A mass-market paperback edition of The Horse and His Boy, book three in the classic fantasy series, The Chronicles of Narnia, featuring cover art by Cliff Nielsen and black-and-white interior artwork by the original illustrator of Narnia, Pauline Baynes.
On a desperate journey, two runaways meet and join forces. Though they are only looking to escape their harsh and narrow lives, they soon find themselves at the center of a terrible battle. It is a battle that will decide their fate and the fate of Narnia itself.
The Horse and His Boy is the third book in C. S. Lewis's classic fantasy series, which has been drawing readers of all ages into a magical land where horses talk and destiny awaits for over sixty years. This is a novel that stands on its own, but if you would like to explore more of Narnia, read Prince Caspian, the fourth book in The Chronicles of Narnia.
The Horse and His Boy is the third book in the Chronicles of Narnia series by C.S. Lewis and a fascinating one at that. The story is basically a series of events as follows: a boy escapes with a horse from captivity, where along the way the meet another refugee and their horse. This team travels to a great city where a sinister plot is uncovered, and so it is a race against time to prevent evil from triumphing. There are many trials and adversities faced and the recurrences of many familiar faces from the the Lion, the Witch and the Wardrobe, but most surprising of all was the world in which the story takes place. Calormen is a place like no other, and I guess it represents the Muslim Middle East, complete with gods, prejudice, excess, and slavery. The differences Lewis illustrates plays well for the story as a sort of Arabian Nights themed adventure and will definitely keep the reader's attention. As always Lewis does a great job of implementing Christian themes throughout the theme, especially in the contrasts. He also gives a rich look into the life of those living, whether from Narnia or elsewhere. And the action is pretty packed for a children's book. Overall, a great and interesting tale for children to read and is an excellent book on its own right, especially with the author speaking directly to the audience. 5 stars and a great read for all ages.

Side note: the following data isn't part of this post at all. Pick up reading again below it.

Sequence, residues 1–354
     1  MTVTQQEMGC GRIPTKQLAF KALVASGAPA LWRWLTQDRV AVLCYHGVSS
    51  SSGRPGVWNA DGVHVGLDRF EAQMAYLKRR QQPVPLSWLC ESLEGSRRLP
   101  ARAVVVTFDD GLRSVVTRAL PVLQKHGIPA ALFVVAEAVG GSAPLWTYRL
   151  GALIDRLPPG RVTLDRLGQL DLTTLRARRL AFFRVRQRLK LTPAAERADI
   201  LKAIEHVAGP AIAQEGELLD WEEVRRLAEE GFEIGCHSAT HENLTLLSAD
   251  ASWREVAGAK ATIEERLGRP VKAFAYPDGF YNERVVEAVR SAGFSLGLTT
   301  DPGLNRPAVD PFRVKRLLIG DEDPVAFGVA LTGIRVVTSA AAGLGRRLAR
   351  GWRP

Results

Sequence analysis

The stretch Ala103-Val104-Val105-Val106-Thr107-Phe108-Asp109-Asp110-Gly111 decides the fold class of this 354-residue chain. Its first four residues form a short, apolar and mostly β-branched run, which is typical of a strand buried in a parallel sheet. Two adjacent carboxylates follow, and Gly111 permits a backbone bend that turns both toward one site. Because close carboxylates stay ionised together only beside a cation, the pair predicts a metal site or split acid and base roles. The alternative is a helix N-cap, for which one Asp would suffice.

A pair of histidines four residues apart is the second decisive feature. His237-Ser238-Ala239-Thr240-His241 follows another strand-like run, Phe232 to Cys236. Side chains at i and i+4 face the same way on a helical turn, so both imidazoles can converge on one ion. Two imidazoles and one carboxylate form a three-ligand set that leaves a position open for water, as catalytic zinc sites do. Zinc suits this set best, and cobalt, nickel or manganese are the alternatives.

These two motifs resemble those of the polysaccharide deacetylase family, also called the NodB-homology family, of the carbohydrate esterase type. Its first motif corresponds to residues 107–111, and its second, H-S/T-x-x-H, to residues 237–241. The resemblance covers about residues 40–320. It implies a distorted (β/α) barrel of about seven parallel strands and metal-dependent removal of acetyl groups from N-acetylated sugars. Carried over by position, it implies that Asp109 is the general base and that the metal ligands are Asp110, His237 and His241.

In my own opinion, this is a great standalone book. It does use references from the Lion, the Witch and the Wardrobe, but it doesn't take away from the story. If anything it helps flesh out the Narnia lore (if you're reading it in the preferred order) and really has great insight on the culture of Narnia and its mythos. It also delves into really interesting areas such as pride or societal structure, which Lewis does his best to present in child form, which surprisingly works. Another part is the way Lewis carries out Narnia to be, a sort of free and egalitarian society, but with a clear order to things. Again made for children, one can easily comprehend it, but adults might find reality different, but that's just personal observance. And how life is carried out by the inhabitants, from whatever part of the world, kept my interest piqued. To me it certainly plays out like Aladdin or Arabian Nights, thanks in part to the contrasts. I enjoyed this book and hopefully so too those who read it. Recommend for children but all ages too.